Recipe: Pollock Soup

I promised to post dried pollock soup (북어국 – book e guk ) in this blog recently and one of my readers reminded me a few days ago…. Thanks for the reminder!!! I am still in Sydney and winter is approaching… I think it’s a perfect weather for soup!!  Let’s begin….


Dried Pollock soup

(serves 4 people)

  • 40g Dried Pollock pieces
  • ½ packet of tofu, sliced in 1cm thickness
  • 1 spring onion, sliced diagonally
  • 1 egg, lightly beaten
  • 5 cups of  Water
  • 1/2 tbsp chopped garlic
  • ¼ Korean radish, slice thinly
  • 2 tbsp of sesame oil
  • 1 tbsp soy sauce
  • 1 tbsp fish sauce
  • salt and white pepper to season

Before we begin, just a little note about the pollock. I never thought twice about this fish until I moved to Singapore and discovered just how difficult it is to source this type of fish. When my family first moved to Sydney we often had pollock dishes as there were many good quality Korean groceries. It was easy to get hold of various types of pollock either fresh or frozen. Koreans use fresh, frozen and dried pollock in various dishes. Fresh and frozen ones are usually used for stews (동태찌개) and dried ones are for soup or fried. For those who have never seen this fish, check this link.



자른 황태


  • Soak the dried pollock in water for 30minutes and then drain.
 I found another type of pollock  in my pantry and decide to use a few pieces of it in the soup (refer to the picture below). Extra pollock like these chunks really enhance the stock flavour. Soak these chunky ones in a bowl as well.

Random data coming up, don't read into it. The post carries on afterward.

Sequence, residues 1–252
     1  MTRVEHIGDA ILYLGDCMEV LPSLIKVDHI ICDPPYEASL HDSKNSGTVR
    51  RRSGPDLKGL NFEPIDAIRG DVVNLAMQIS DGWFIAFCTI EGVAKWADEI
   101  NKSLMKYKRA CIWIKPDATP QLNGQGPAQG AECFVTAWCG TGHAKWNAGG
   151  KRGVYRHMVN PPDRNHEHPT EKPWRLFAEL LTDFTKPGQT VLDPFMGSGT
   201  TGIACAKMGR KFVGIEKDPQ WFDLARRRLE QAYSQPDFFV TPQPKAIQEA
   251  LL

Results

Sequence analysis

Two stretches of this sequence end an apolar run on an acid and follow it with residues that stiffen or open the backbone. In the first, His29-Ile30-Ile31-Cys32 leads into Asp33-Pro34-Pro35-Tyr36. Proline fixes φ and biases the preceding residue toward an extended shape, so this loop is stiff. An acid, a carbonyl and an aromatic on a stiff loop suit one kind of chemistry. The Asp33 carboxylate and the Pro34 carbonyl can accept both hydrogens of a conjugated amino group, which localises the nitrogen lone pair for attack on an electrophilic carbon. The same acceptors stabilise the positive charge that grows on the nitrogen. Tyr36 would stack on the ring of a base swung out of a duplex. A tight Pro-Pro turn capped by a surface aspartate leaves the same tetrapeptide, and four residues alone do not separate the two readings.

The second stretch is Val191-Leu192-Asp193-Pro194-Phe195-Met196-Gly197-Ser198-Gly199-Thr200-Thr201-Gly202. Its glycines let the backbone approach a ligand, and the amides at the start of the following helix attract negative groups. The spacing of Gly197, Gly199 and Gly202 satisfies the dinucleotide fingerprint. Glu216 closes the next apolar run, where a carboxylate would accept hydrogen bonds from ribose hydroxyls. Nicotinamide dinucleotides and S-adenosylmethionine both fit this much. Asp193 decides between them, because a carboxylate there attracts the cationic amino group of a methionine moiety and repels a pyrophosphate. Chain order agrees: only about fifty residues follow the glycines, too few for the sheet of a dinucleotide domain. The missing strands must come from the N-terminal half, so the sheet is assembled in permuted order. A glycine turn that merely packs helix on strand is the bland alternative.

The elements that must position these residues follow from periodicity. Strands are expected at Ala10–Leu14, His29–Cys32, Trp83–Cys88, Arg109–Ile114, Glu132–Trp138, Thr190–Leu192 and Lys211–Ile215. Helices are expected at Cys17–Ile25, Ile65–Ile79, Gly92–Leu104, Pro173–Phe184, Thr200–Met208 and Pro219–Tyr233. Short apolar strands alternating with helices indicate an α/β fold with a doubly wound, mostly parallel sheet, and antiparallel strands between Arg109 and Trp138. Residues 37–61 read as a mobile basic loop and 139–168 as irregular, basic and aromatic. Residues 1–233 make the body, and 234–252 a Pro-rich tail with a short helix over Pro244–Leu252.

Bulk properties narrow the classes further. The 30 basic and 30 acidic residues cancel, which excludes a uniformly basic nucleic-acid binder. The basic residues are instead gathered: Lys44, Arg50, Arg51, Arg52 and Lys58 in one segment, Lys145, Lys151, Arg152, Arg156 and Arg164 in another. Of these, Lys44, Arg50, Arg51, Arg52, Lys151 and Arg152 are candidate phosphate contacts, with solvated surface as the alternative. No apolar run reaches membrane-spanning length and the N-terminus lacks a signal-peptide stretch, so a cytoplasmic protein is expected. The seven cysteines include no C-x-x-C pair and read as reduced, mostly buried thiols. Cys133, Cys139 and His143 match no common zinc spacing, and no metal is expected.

•  On a medium heat, pour the sesame oil in a pot and fry the pollock and chopped garlic. Season them with soy sauce and fish sauce.
  • Add the radish and continue to fry all ingredients together.
  • Pour 5 cups of water and boil on medium to high heat for 10-15 minutes. You can also add Korean soy bean sprouts at this point.

  • Add the beaten egg and sliced tofu to the soup and cook for another 2 minutes. I am not a big fan of tofu so I skipped it this time.


북어국 in a pot


  •  As a final touch, season the soup with salt and pepper and add sliced spring onion
  • Serve the soup either in individual bowls with hot cooked rice or simply place the whole pot on the table for everyone to share.




Doesn’t the soup look flavoursome and homely? I am heading out to a Korean grocery to grab ingredients for tonight’s dinner! Enjoy….